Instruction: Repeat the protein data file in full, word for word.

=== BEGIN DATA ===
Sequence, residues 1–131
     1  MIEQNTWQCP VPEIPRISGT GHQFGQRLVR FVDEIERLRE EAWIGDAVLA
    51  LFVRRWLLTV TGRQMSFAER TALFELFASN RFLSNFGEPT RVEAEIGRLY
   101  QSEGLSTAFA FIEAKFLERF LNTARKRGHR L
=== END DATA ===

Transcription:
Sequence, residues 1–131
     1  MIEQNTWQCP VPEIPRISGT GHQFGQRLVR FVDEIERLRE EAWIGDAVLA
    51  LFVRRWLLTV TGRQMSFAER TALFELFASN RFLSNFGEPT RVEAEIGRLY
   101  QSEGLSTAFA FIEAKFLERF LNTARKRGHR L